The new infusion of ideas that led to the modern super hero era as we know it began at Marvel ("The House of Ideas") with The Fantastic Four in November, 1961. Prior to then, the genre had been slowly withering on the vine. In fact, up until then, the only super heroes were all at DC Comics, namely Gardner Fox's Green Lantern and The Atom (both drawn by Gil Kane). Most agree that Stan Lee and Jack Kirby, when they spawned Marvel's Silver Age, were also inaugurating the most innovative periods the comics industry had ever known, a period which was to revitalize the entire field.
What was it that made the new style of comics so popular? A key ingredient to the Lee /Kirby success story was the introduction of the concept of the flawed hero. The hero who, like us shlubs, had problems, and whose super powers not only didn't eliminate those problems but actually contributed to them!
After the success of the first of their stable of characters, The Fantastic Four, Lee and Kirby would come up with the most tragically flawed super hero of all, The Incredible Hulk.
There were obvious literary antecedents to The Hulk. Anyone looking at Kirby's early drawings can see a marked resemblance to Mary Shelley's Frankenstein, as portrayed by Boris Karloff. Other literary influences were The Hunchback of Notredame and Robert Lewis Stevenson's Dr. Jekyll and Mr. Hyde. All figures of ugliness and power, and, like Frankenstein's creation, feared and misunderstood by the world of "normal" people.
There was also a comic book ancestor on the Hulk's family tree; The Heap, a character written by Harry Stein and drawn by Mort Leav for Hillman Publishing's Air Fighters #3 (December, 1942). The Heap was once World War One German flying ace Baron Eric von Emmelman. After his fokker is shot down and crashes in a swamp, the badly burned airman undergoes a metamorphosis, somehow evolving into a mindless greenish-brown creature, feared and hated wherever he/it goes.
The Hulk, however, was not transformed in a swamp, but rather on a nuclear test site in 1962. In the early sixties nuclear bombs and radioactivity were still enough of a novelty to provide Lee with a gimmick --"youwantum physics" --that could be used to explain the transition of a scientist, Dr. Bruce Banner, into a massive engine of mindless destruction.
Shortly before testing his new "gamma" bomb, Banner discovers that a teenager has somehow wandered into Ground Zero. When Banner races to rescue the teen, a treacherous bolshevik triggers the bomb! In the resulting explosion, Banner manages to save Rick Jones, but is exposed to a massive dose of gamma radiation. "Bathed in the full force of the mysterious gamma rays," Bruce survives only to turn into a mindless rampaging monster after the sun sets, possessed by "sheer, savage fury." Like Dr. Jekyll, Banner never has any recollection of what he may have done as the rampaging brute.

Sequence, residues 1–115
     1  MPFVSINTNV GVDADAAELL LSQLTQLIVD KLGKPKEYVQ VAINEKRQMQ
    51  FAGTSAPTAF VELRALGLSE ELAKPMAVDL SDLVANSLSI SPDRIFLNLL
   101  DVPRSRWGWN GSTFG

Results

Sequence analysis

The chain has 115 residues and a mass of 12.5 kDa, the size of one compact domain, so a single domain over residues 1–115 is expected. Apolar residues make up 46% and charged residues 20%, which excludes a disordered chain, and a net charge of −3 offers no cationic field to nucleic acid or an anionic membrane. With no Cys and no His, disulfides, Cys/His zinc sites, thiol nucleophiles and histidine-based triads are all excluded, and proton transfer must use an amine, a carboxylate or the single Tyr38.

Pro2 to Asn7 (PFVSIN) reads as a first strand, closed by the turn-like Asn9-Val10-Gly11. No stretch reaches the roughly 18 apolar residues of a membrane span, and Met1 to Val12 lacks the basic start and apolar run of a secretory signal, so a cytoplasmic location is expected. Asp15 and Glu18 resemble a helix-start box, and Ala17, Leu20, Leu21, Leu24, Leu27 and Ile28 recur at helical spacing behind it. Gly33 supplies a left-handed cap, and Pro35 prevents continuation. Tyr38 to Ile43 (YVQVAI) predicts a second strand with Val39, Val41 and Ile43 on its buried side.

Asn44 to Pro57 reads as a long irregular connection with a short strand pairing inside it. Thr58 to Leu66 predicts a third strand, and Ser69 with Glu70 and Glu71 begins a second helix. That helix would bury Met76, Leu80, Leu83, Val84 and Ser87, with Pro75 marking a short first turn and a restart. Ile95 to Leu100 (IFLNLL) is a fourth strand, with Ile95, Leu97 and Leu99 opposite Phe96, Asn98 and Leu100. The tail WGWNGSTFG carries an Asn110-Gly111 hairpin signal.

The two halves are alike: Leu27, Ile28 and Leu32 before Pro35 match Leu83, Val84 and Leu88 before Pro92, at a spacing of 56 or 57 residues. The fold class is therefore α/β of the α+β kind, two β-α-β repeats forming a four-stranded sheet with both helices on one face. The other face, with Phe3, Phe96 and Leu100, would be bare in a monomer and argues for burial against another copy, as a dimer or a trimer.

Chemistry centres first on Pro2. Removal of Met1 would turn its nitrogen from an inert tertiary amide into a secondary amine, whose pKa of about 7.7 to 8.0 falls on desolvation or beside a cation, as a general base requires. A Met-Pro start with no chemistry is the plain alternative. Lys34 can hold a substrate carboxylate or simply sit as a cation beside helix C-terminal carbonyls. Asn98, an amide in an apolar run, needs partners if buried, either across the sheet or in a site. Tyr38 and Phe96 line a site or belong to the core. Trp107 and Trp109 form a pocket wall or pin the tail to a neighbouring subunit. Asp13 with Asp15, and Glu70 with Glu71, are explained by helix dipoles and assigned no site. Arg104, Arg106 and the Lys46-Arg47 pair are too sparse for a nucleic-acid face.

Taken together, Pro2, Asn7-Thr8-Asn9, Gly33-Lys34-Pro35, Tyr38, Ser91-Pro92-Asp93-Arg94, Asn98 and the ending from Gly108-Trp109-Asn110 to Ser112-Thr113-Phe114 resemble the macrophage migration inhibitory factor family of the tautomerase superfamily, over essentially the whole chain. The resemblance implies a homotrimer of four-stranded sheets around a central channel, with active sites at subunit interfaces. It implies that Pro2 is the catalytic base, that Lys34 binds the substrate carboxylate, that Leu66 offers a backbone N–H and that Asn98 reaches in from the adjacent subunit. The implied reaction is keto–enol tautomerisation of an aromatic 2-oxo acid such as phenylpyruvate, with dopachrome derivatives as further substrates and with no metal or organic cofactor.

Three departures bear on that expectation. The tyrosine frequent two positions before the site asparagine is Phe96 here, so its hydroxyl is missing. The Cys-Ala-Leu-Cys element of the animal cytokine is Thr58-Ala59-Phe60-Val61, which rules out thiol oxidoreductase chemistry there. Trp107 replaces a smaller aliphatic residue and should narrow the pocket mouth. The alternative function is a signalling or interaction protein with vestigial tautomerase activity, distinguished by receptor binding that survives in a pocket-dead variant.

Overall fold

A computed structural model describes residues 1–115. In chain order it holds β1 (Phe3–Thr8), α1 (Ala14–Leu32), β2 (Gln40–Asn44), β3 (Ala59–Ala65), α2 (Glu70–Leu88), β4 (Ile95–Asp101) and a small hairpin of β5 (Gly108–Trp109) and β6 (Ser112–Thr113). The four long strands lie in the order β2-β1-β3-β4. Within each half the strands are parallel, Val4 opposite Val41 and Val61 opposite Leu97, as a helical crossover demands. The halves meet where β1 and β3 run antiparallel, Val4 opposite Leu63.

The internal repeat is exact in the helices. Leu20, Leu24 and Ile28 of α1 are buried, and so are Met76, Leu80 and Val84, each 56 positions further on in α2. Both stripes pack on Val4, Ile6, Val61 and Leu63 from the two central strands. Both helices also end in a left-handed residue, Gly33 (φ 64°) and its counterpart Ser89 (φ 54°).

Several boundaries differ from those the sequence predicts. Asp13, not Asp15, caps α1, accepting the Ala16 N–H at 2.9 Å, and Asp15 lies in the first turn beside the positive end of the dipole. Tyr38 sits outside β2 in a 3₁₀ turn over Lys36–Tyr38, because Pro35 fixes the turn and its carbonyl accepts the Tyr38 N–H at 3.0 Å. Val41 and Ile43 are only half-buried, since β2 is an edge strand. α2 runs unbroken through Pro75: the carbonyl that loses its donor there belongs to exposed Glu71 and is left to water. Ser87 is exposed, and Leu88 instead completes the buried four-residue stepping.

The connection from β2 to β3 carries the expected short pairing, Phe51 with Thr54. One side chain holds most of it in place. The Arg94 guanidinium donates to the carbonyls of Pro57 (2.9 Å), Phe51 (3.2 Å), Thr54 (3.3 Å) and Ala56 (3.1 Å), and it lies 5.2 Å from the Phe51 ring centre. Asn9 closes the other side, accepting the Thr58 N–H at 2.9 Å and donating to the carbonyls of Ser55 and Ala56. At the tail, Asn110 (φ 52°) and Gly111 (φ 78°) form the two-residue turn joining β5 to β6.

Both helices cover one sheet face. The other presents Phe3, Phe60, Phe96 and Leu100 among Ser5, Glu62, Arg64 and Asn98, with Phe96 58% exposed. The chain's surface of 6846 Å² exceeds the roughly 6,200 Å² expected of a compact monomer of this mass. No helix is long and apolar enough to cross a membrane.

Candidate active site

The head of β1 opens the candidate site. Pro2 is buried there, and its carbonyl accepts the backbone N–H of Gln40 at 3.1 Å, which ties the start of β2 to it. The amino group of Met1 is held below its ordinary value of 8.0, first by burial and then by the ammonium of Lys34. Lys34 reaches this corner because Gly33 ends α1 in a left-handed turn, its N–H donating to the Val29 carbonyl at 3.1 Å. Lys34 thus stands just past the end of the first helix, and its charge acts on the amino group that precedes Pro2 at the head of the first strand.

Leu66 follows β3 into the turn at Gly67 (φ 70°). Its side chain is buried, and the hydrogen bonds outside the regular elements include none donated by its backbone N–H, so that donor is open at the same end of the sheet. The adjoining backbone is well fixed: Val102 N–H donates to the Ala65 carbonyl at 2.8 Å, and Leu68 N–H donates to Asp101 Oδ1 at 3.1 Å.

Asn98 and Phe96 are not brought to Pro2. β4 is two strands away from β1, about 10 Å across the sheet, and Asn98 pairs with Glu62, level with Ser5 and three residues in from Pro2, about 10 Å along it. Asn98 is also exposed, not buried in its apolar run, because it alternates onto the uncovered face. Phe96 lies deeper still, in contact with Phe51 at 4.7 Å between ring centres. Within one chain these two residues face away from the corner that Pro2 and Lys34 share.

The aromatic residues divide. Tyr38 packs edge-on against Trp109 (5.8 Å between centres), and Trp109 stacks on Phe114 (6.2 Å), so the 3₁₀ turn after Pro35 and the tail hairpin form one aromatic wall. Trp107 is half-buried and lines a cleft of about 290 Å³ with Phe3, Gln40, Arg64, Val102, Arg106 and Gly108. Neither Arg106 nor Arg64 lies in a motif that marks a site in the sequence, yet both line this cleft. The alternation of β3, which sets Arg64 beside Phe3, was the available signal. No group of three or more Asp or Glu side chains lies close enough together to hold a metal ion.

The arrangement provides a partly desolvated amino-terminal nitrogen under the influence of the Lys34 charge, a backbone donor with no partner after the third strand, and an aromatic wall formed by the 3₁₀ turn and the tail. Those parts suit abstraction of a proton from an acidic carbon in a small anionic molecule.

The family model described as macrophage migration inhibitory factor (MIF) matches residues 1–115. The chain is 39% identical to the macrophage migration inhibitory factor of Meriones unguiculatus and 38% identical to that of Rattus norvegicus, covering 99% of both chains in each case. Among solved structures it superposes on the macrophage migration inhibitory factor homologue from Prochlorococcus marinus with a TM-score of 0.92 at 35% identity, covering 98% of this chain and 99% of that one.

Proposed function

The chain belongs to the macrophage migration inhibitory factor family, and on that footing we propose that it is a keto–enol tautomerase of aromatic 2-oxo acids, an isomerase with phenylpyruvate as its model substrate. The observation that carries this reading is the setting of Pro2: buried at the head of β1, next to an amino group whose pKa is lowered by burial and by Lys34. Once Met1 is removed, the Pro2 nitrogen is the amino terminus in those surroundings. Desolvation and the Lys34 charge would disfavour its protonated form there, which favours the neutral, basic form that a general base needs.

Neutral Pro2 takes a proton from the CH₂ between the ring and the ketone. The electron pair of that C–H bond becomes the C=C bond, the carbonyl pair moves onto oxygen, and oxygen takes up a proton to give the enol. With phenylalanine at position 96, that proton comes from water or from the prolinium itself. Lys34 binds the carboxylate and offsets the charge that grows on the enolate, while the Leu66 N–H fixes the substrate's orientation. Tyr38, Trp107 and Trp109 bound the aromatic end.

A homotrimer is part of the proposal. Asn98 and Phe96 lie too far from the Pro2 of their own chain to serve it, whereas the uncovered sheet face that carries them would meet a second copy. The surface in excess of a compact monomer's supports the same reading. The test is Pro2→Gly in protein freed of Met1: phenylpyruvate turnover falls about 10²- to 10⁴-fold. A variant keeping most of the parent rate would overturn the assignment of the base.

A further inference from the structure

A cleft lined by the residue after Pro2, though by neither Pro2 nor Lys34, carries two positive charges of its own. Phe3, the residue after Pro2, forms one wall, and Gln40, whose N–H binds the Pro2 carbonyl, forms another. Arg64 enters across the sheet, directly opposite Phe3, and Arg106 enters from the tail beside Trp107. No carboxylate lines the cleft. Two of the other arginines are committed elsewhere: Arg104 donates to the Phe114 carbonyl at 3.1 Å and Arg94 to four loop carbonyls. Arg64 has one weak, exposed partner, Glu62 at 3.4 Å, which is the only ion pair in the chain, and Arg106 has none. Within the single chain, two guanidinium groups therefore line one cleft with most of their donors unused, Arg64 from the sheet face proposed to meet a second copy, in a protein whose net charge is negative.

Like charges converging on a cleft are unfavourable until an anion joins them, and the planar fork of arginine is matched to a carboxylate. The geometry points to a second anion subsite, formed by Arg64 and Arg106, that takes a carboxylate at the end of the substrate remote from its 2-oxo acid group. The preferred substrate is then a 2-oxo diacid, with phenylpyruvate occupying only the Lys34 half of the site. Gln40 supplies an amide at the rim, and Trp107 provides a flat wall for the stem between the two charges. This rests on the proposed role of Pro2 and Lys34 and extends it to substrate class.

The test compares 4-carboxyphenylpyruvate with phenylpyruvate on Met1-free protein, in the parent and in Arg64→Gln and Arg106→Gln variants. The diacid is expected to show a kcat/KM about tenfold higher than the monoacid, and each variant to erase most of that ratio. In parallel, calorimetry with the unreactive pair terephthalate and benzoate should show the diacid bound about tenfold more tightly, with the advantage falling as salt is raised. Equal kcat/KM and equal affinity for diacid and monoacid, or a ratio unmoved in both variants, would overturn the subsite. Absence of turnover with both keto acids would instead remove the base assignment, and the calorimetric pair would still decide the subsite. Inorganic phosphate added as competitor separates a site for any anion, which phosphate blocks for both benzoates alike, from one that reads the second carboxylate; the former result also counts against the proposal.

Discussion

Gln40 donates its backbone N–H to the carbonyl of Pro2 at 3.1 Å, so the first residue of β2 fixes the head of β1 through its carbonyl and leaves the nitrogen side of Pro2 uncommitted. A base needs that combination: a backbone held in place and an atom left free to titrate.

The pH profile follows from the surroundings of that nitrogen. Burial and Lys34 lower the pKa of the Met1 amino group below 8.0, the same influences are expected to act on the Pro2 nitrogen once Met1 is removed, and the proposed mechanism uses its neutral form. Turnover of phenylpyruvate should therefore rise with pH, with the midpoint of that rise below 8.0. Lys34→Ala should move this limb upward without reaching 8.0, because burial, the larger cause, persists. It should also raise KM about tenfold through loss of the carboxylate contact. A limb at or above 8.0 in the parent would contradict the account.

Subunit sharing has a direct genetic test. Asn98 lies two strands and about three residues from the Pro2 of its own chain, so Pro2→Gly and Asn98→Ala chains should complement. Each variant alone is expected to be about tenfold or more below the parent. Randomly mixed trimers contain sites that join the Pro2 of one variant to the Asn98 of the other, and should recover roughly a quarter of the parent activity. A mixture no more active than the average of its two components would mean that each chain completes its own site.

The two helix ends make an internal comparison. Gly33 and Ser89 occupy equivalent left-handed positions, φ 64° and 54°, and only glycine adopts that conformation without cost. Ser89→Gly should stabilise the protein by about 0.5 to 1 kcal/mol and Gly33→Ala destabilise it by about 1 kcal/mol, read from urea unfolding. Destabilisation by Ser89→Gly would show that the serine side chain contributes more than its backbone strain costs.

As Lee developed his new and tragic figure, the vampiric device of the setting sun was dropped, and strong emotion -usually rage- became the trigger for transformations. Skin color was another change. In his first issue the Hulk was gray, however, due to the difficulties the printer had in maintaining that hue, by the second issue the Hulk had become the jolly green giant he is today. I don't recall if the color change was ever officially explained, but one other matter was certainly glossed over; the Hulk always seemed to be wearing purple trousers, no matter how Banner was clothed before the transformation. (Just another side effect of those mysterious gamma rays!)
Although the Hulk's first title only lasted six issues, Lee and Kirby must've realized that they were onto something when a group of Columbia University students visited Marvel's offices to proclaim that The Hulk was now their official mascot.
The Hulk's early cast of supporting characters consisted of Rick Jones, the trespassing teen Bruce rescued (later going on to become the sidekick of Captains America and Marvel), his perpetual persecutor, General "Thunderbolt" Ross, and Banner's long-suffering girlfriend, Betty Ross.
The Hulk was revived in Tales To Astonish #59 (August 1964) and the title was changed again to The Hulk with #102 (April 1968). The title has lasted well over 400 issues. Lee handled Hulk scripting until 1969, passing on the character to Rascally Roy Thomas in 1969. Since then the Hulk has been handled by numerous other writers, including Gary Friedrich, Chris Claremont, Harlan Ellison, Archie Goodwin, and, most recently, John Byrne. Artists have included Steve Ditko, Gil Kane, Marie Severin, and Herb Trimpe. (Trimpe was the Hulk's main artist for quite a few years, ably assisted by Joe ( E-Man) Staton.) Among others who later illustrated the title are Tod McFarlane, Walt Simonson, and Frank Miller.
The Hulk made his first television appearance as part of the Marvel Superheroes cartoon show (1966-68), but his real impact came with the Bill Bixby/Louis Ferrigno prime-time Hulk tv series (1978-82). The four year run on the tube helped boost sales, and in the last twenty years there have been numerous Hulk spin-offs, including books, graphic novels, dolls, action figures, cartoons, as well as a newspaper strip (written by Lee and drawn by his brother, Larry Lieber). Comic book spin-offs include Hulk 2099, The Sensational She-Hulk, The Rampaging Hulk, and The Savage She-Hulk.
Ang Lee, the director of the Oscar winning "Crouching Tiger, Hidden Dragon", was responsible for the 2003 release of The Hulk film, which, despite impressive computer graphics, saw disappointing box office returns and somewhat harsh professional criticism. Still, the Hulk movie franchise will continue, according to Marvel Studios exec Kevin Feige. The Hulk, for all his limited intelligence has proven to be a lasting success. The big lug.